And while I don’t barter children’s clothes, I certainly borrow them from friends and lend Sarah’s to friends, so all the mommies of little girls in a 50-mile radius can enjoy this collecting habit. Because let’s not kid ourselves, these outfits are purchased to make moms happy, not babies.
I am trying to keep my mockingbird habits at bay when it comes to smocked dresses because while they are adorable, they are in the neighborhood of $39 – $80 a pop. Considering that I can get ten Carter’s outfits for about $80, Mark is indulging that habit, but I think smocks are a different animal entirely. And these smocked auctions they have on Facebook keep trying to lure me in. But considering the dresses on sale are still $38, it keeps me from plunging in head first. (Though I am stalking eBay auctions to get Sarah a smocked Christmas dress. At least I’m trying to be frugal right?)
p.s. How cute is this Halloween smock? Someone close down my Paypal account before I end up in credit card debt.
(Not a sponsored post, all words and opinions are my own).
After a very long week of no sleep and baby shots, I am exhausted. Really really exhausted.
But I also realized last night that I’m not sad.
I’m not sobbing after only getting about 4 to 5 hours of sleep a night.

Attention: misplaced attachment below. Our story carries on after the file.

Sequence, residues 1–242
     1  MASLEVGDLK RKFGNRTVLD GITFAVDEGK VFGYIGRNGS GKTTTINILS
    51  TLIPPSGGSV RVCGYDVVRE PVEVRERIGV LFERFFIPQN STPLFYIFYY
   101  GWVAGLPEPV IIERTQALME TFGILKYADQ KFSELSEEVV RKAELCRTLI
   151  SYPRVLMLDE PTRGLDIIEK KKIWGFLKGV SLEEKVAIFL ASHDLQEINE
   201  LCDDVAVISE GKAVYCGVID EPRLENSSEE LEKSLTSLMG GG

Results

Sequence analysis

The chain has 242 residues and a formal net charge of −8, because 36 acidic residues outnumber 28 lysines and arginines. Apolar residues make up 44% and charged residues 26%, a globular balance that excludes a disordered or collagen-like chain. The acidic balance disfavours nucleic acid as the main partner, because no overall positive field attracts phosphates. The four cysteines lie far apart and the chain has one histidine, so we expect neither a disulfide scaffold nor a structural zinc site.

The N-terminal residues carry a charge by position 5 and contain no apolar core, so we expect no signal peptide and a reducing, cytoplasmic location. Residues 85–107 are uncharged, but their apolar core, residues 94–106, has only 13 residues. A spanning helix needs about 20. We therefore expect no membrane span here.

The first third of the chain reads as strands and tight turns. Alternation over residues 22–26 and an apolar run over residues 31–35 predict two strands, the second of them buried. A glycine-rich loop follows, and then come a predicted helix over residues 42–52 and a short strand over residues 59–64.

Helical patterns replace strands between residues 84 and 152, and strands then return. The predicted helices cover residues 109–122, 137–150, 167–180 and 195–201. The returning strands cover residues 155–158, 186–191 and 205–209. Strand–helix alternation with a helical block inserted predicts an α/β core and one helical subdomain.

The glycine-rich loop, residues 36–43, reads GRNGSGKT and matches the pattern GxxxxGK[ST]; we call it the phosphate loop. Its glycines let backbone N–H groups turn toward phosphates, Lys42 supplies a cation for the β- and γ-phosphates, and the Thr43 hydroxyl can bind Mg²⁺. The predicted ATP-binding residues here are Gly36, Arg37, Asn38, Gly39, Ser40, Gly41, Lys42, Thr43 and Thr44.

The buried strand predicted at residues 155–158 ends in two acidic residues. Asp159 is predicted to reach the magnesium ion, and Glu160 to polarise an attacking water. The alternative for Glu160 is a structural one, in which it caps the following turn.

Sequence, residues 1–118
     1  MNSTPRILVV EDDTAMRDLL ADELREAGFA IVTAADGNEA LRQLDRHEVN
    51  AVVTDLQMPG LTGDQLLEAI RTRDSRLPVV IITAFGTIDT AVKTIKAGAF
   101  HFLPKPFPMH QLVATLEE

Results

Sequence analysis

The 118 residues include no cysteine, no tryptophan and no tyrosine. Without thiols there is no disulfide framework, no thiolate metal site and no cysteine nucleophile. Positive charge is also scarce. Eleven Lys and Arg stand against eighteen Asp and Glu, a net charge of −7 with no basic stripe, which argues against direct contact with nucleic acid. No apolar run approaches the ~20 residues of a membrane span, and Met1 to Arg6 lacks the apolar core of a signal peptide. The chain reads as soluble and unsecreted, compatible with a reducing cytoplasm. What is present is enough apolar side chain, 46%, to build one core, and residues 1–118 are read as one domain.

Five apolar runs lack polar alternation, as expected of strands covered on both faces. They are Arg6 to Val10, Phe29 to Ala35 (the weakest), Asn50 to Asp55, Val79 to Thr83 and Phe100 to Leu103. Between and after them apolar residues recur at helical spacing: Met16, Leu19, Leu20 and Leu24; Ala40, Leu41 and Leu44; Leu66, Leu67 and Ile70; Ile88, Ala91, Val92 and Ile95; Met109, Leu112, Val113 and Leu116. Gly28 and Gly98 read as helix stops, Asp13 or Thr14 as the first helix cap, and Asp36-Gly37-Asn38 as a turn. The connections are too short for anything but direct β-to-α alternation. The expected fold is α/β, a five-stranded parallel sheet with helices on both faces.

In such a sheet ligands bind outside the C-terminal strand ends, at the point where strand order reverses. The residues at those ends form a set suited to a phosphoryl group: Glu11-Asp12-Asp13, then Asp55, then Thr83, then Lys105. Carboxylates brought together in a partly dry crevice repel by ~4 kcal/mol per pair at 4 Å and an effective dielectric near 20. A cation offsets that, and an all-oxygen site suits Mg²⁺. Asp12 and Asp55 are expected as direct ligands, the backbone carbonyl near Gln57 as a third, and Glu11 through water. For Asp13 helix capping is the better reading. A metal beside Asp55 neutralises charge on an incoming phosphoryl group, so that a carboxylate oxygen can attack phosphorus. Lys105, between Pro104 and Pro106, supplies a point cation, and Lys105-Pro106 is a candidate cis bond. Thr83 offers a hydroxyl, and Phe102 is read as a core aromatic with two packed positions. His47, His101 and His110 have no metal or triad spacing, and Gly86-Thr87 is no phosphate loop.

I wasn’t crying uncontrollably when Sarah got her shots this time.
Sarah is sleeping in her own room, I am sleeping in mine, and I’m ok with that.
I dropped her off at school yesterday (usually her dad’s job) and I left happy.
I work every day and can actually focus on the job at hand instead of obsessively calling her school all day and fretting about her.
Middle of the night feedings are no longer met with tears, but with comfort and determination.
Rocking her to sleep has become my favorite part of the day. Laying with her sleeping on me fills me with perfect happiness.
And even this morning, when I had to leave this scene, I was ok.
And while I may not be completely well rested or happy all of the time, I am making it and adjusting to this new way of life.
I am so thankful for Mark, mom, Shannon, Susan, Cassie and Kel and, most importantly, Sarah, for pulling me through the bad times. Things may not be perfect, but they are mostly happy. And for that, I am so thankful.
I really thought I had this baby sleep thing down.
At six weeks, Sarah started sleeping from 10pm to 5am. A miracle! I attributed it to the schedule I had her vigilantly following. Things went really great for a while. Sarah slept, I slept and all was well with the world.